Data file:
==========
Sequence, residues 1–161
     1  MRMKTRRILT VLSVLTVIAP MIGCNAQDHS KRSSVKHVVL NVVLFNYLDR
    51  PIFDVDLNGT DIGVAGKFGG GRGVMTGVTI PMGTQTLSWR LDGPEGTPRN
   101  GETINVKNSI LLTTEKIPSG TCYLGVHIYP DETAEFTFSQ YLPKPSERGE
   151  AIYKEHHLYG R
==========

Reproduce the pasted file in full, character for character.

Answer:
Sequence, residues 1–161
     1  MRMKTRRILT VLSVLTVIAP MIGCNAQDHS KRSSVKHVVL NVVLFNYLDR
    51  PIFDVDLNGT DIGVAGKFGG GRGVMTGVTI PMGTQTLSWR LDGPEGTPRN
   101  GETINVKNSI LLTTEKIPSG TCYLGVHIYP DETAEFTFSQ YLPKPSERGE
   151  AIYKEHHLYG R